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Alcohol removed at 75C heats remaining water-wine to run steam engine
Wine heated to 75C.
The Alcohol (Ethanol, mixed with water vapor) boils and
leaves the container through a pipe (the alcohol pipe) from
This pipe then twists below and mixed with air, burns
heating a second pipe in which the remaining fluid after
the alcohol evaporation, is now flowing.
This fluid turns to steam and runs a regular steam engine.
For recovery of energy from excess wine dumped in large
quantities into the sewage system.
Low cost, few parts, simple - no distilling needed, and
The steam can then be sent to an underground cooler,
where it is retrieved as clean water.
The remaining organic residue from the grapes will
probably be good as plant feed.
Ah, alcohol enthusiasm ... [normzone, Dec 22 2016]
||//excess wine dumped in large quantities into the sewage system// There is no such thing as "excess wine" - there is merely wine in the wrong place.
||[Max] you obviously were never the recipient of a gift bottle of my grandmother's neighbour's carrot wine.
||And you have obviously never tried home distillation.
||A perpetual motion machine fueled by alcoholic beverages? I think there's a law about that - something conservation oriented, I think.
||I've been looking for excuses to fire up the still again - the three legs of the tripod are:
||Time - no getting around that one
||Energy - This idea attempts to address that, but the amount of alcohol obtained will not be enough sustain the secondary heating function
||Feedstock - Carrots ? Use what ever is available, I guess - in some parts of the world strange beverages are made from necessity
||[normzone] raises a valid point. It is obvious that the
alcohol contained in a glass of wine does not have enough
energy to vaporize all of the liquid in the glass. If so,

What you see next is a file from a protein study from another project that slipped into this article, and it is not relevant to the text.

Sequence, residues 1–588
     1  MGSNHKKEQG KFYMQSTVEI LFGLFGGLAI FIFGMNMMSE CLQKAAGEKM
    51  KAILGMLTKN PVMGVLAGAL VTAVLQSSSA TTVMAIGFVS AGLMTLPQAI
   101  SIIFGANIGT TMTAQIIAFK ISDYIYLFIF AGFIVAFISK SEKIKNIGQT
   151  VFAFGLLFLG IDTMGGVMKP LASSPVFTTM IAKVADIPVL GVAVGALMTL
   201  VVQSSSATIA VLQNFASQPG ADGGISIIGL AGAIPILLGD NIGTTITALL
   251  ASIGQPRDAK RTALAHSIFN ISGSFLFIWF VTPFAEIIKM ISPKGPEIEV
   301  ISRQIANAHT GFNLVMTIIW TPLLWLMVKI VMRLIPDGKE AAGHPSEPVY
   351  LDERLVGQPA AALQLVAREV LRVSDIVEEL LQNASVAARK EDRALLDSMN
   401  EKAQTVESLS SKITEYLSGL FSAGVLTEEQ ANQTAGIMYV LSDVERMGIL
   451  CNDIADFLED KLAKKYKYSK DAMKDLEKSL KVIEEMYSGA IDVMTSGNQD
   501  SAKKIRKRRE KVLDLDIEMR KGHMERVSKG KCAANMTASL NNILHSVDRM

wine would be flammable. A more relevant question for
this idea is does the alcohol contain enough energy to
separate out the alcohol from the water.
||I suspect that with careful application of counter-flow heat
exchangers water could be heated enough to vaporize the
alcohol, then most of the heat could be recovered from
the alcohol depleted waste. Once started up using some
external energy source (or stored alcohol from the
previous time it ran) the heat from the alcohol could heat
the preheated water from the heat exchanger with enough
left over to vaporize a small amount of water for the steam
||The problem is that counter-flow heat exchangers are good
but not perfect, so if you have a 95% percent efficient
heat exchanger, you still have to provide 5% of the energy
for heating. For a rough estimate, I've heard that 100
proof (50%) alcohol will burn completely. If you have
some wine with 12.5%, you have a quarter of the energy
per volume, so you'd need a 75% efficient heat exchanger
to make up for that. So if you use an exchanger that's
90%+ efficient, that should cover a few other inefficiencies
in the system and maybe leave a little bit of heat for
running the steam engine.
||The only significant problem I see with this idea as written
is that it's being used on the wine after it goes into the
sewage system. Assuming it's only diluted down to 1%
alcohol, you only have 1/50th (2%) of the energy needed
to vaporize the water. That means you need a 98%
efficient heat exchanger. Getting a practical heat
exchanger that good and expecting 1% or more alcohol
concentration in the sewer both sound a little optimistic to
||If you can find some way to keep the alcoholic beverages
separate from other waste liquids, this might work.